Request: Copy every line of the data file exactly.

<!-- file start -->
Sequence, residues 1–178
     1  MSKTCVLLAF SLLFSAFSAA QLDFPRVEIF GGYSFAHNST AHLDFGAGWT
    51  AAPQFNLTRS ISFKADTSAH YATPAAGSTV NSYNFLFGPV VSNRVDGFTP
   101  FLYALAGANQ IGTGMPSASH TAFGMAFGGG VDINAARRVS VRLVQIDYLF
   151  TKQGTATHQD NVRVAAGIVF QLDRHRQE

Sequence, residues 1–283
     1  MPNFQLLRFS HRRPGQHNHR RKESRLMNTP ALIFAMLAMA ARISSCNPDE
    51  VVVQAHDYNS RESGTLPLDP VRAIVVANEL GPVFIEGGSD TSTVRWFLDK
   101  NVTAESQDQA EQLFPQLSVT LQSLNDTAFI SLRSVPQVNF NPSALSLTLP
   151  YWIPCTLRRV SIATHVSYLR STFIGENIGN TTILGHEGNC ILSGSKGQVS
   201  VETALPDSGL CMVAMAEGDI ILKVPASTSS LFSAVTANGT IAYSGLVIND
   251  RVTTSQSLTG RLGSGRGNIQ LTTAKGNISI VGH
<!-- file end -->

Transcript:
Sequence, residues 1–178
     1  MSKTCVLLAF SLLFSAFSAA QLDFPRVEIF GGYSFAHNST AHLDFGAGWT
    51  AAPQFNLTRS ISFKADTSAH YATPAAGSTV NSYNFLFGPV VSNRVDGFTP
   101  FLYALAGANQ IGTGMPSASH TAFGMAFGGG VDINAARRVS VRLVQIDYLF
   151  TKQGTATHQD NVRVAAGIVF QLDRHRQE

Sequence, residues 1–283
     1  MPNFQLLRFS HRRPGQHNHR RKESRLMNTP ALIFAMLAMA ARISSCNPDE
    51  VVVQAHDYNS RESGTLPLDP VRAIVVANEL GPVFIEGGSD TSTVRWFLDK
   101  NVTAESQDQA EQLFPQLSVT LQSLNDTAFI SLRSVPQVNF NPSALSLTLP
   151  YWIPCTLRRV SIATHVSYLR STFIGENIGN TTILGHEGNC ILSGSKGQVS
   201  VETALPDSGL CMVAMAEGDI ILKVPASTSS LFSAVTANGT IAYSGLVIND
   251  RVTTSQSLTG RLGSGRGNIQ LTTAKGNISI VGH